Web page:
By Matt Remington
Winter damage to above-ground pools is nothing new in areas that experience harsh weather. Pool builders see this year in and year out one way or another; however, this past winter in Atlantic Canada was like no other—especially in the city of Moncton, N.B. To set the stage, most pools would have been closed in this region by early October. Between October 2014 and April 2015 some parts of Canada’s Atlantic Provinces received 579.2 mm (22.8 in.) of rain and 5.05 m (16.6 ft) of snow. These conditions created a winter and spring with a record number of damaged pools.
A sinking feeling
By February, this author had a feeling his company was going to be in for a very interesting, and busy spring. One reason for this was because more than 3 m (9.8 ft) of snow fell after January, which would only rest heavy on top of the ice in most pools. The problems that can occur with this much snow worsened when coupled with the fact there were many ferocious storms that were close together.
In fact, most storms were coupled with extremely high winds, making for very high drifts. There were reports of backyards with 2.4-m (8-ft) fences that were no longer visible. For some unexplained reason, Moncton, which is the geographic centre of the Maritime Provinces, seems to be the snow belt of southern New Brunswick. When a storm hits Moncton, it always gets more than its fair share of snow. Last winter, for example, some storms dropped more than 1 m (3.2 ft) of snow before they subsided. As a result, homeowners were asking, “Will my pool be okay under all that snow?” For many pool builders, the response was quite simple: “I hope so because there is nothing that can be done until spring.”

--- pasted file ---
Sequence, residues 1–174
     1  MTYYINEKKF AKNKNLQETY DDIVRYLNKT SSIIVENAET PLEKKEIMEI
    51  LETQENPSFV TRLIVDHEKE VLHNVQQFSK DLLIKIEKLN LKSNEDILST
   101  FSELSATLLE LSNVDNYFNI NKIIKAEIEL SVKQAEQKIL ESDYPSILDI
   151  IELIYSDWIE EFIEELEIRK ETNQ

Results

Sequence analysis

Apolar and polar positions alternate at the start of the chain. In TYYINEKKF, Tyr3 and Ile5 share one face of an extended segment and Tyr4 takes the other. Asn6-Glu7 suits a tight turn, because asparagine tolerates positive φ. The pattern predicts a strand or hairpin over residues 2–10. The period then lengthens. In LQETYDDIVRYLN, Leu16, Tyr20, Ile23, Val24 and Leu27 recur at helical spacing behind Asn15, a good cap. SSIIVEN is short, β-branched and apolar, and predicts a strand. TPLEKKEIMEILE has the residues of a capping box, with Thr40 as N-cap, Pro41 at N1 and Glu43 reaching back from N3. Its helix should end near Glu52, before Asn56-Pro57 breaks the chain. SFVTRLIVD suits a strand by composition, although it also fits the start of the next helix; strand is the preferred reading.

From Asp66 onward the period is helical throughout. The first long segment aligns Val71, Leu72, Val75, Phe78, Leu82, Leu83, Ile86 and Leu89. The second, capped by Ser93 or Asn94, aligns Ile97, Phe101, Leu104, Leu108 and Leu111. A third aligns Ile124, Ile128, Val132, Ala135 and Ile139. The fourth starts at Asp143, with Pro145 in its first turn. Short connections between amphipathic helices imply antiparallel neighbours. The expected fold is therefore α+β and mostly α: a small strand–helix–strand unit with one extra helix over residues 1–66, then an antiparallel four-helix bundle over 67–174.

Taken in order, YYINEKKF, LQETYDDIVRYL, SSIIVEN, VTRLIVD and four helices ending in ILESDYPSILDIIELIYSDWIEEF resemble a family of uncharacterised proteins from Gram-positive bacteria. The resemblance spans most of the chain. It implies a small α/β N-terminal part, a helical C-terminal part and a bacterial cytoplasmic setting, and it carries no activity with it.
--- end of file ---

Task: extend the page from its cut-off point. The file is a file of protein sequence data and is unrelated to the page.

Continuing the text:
The main problems this author has come across are buckled walls on above-ground pools, primarily located around the skimmer area. Due to the excessive rain and snow, the ice that typically forms around the pool also formed inside the skimmer, connecting everything together. Then, as more snow falls on top of the ice, causing it to move and sink, the wall buckles at the skimmer area due to the extreme weight. The main cause of this damage is simply the long, hard winter.
In this region, after closing a pool in October, there is a good chance a pool company will need to go back in December and lower the water level again before the hard freeze arrives. In some cases, those homeowners who chose to winterize their pools themselves—rather than hiring a professional—may not have realized this, and it is easy to forget about the pool when it is cold and miserable outside. However, even though the pool water was originally drained approximately 203 to 254 mm (8 to 10 in.) below the skimmer, in many cases, the water level rose in the coming months due to the amount of rain, snow, and sleet that followed the pool closing.